9.3.2 Realizability 226

9.3.3 Rapid Distortion Theory 226

9.4 Non-Linear Eddy Viscosity Models 227

9.5 Reynolds Stress Equation Models 229

9.5.1 Modeling of the Pressure-Strain Correlation 230

9.5.2 LRR Model 232

9.5.3 SSG Model 234

9.5.4 Transport Correlation 238

9.5.5 Complete Second Moment Closure 239

9.5.6 Near-Wall Reynolds Stress Equation Models 240

9.6 Algebraic Reynolds Stress Models 242

9.7 Urans 243

9.8 Chapter Summary 244

References 245

10 Large Eddy Simulations 251

10.1 Mathematical Basis of LES 252

10.2 Numerical Considerations 257

10.3 Subgrid-Scale Models 258

10.3.1 Smagorinsky Model 261

10.3.2 Wale Model 263

10.3.3 Alternative Eddy Viscosity Subgrid-Scale Models 265

10.3.4 Dynamic Models 266

10.4 Hybrid LES/RANS Models 270

10.4.1 Detached Eddy Simulation 271

10.4.2 A Hybrid LES/RANS Form of the Menter SST Model 272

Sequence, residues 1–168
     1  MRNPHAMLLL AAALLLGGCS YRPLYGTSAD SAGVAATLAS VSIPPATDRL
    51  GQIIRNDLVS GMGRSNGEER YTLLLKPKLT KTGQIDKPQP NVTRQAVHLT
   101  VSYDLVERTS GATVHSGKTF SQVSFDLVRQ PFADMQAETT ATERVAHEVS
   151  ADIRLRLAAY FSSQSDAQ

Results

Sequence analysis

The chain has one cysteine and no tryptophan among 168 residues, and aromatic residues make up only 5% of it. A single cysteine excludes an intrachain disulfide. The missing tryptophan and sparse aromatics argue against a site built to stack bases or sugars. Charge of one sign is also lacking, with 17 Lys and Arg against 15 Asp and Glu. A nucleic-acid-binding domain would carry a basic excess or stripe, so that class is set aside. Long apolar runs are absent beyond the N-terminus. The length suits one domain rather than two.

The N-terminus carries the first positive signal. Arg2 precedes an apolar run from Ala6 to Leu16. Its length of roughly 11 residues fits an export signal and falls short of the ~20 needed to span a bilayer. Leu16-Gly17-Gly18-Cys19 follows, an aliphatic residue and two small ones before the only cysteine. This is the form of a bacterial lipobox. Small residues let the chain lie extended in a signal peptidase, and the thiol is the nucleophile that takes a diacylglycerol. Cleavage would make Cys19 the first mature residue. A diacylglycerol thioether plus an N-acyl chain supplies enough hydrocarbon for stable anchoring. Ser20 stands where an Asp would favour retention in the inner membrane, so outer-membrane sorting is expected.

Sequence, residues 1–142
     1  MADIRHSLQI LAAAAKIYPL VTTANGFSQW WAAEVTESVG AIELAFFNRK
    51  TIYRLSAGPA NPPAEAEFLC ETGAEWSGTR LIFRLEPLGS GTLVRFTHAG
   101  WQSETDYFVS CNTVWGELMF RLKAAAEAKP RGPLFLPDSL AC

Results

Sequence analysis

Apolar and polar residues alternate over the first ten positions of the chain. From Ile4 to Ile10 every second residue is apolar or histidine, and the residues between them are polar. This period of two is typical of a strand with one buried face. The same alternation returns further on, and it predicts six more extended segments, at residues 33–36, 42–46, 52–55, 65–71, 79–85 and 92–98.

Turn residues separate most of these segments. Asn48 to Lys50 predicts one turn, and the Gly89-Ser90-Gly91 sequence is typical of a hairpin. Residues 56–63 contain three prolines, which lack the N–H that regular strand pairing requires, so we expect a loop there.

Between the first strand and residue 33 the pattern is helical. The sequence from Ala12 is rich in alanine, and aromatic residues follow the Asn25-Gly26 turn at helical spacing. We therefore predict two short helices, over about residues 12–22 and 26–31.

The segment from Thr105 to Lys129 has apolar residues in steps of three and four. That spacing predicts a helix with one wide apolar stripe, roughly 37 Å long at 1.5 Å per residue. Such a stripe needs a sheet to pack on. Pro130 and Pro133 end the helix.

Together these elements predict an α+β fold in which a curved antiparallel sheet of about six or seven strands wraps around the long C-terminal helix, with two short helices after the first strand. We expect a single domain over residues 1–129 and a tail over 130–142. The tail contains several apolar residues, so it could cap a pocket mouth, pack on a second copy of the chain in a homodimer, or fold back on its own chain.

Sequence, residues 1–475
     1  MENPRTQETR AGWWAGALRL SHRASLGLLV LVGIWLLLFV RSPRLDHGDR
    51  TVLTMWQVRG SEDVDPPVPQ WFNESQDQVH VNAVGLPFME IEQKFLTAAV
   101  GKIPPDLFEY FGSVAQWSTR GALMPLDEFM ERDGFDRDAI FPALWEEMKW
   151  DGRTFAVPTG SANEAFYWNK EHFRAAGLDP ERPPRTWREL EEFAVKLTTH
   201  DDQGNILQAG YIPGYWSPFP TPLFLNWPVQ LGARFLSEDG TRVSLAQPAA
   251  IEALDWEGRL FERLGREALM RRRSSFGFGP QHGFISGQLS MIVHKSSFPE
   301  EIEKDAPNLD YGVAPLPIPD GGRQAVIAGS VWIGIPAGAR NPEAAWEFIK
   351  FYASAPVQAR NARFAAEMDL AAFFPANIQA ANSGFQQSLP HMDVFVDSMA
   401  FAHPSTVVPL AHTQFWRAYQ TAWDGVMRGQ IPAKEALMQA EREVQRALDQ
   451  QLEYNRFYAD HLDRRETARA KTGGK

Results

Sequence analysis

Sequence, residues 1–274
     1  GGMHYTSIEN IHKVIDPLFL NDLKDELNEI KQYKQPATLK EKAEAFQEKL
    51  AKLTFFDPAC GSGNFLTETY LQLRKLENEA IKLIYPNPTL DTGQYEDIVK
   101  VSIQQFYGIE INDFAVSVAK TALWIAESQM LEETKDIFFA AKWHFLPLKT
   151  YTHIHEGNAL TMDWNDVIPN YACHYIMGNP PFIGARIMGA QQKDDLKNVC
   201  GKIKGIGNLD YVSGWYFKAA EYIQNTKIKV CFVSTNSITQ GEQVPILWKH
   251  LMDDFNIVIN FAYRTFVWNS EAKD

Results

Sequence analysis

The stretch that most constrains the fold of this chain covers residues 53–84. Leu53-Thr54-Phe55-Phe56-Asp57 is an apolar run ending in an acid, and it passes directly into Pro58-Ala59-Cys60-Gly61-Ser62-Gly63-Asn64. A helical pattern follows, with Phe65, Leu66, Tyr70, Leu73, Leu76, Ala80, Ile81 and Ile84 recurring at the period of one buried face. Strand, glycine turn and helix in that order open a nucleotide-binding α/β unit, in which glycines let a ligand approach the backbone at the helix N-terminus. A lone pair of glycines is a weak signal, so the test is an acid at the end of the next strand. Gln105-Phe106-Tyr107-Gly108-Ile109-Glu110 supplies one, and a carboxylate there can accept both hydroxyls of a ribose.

10.4.3 Flow Simulation Methodology 273

10.4.4 Example of a Zonal LES/RANS Formulation 274

10.4.5 Partially Averaged Navier-Stokes 276

10.4.6 Scale-Adaptive Simulation 277

10.5 Chapter Summary 278

References 278

11 Properties of Turbulent Free Shear Flows 283

11.1 Thin Flow Approximation 283

11.2 Turbulent Wake 285

11.2.1 Self-Preserving FarWake 286

11.2.2 Mean Velocity 290

11.3 Turbulent Jet 292

11.3.1 Self-Preserving Jet 292

11.3.2 Mean Velocity 293

11.3.3 Reynolds Stresses 295

11.4 Turbulent Mixing Layer 298

11.4.1 Structure of Mixing Layers 298

11.4.2 Self-Preserving Mixing Layer 300

11.4.3 Mean Velocity 302

11.4.4 Reynolds Stresses 303

11.5 Chapter Summary 304

References 306

12 Calculation of Ground Vehicle Flows 309

12.1 Ahmed Body 309

12.2 Realistic Automotive Shapes 317

12.3 Truck Flows 324

12.4 Chapter Summary 326

References 327

Author Index 329

Subject Index 335
PETER S. BERNARD is a Professor in the Department of Mechanical Engineering at the University of Maryland. He has been a Professor since 1994. He is a fellow of the APS and Associate Fellow of AIAA. Professor Bernard has an extensive background in the theory, physics and computation of turbulent flows.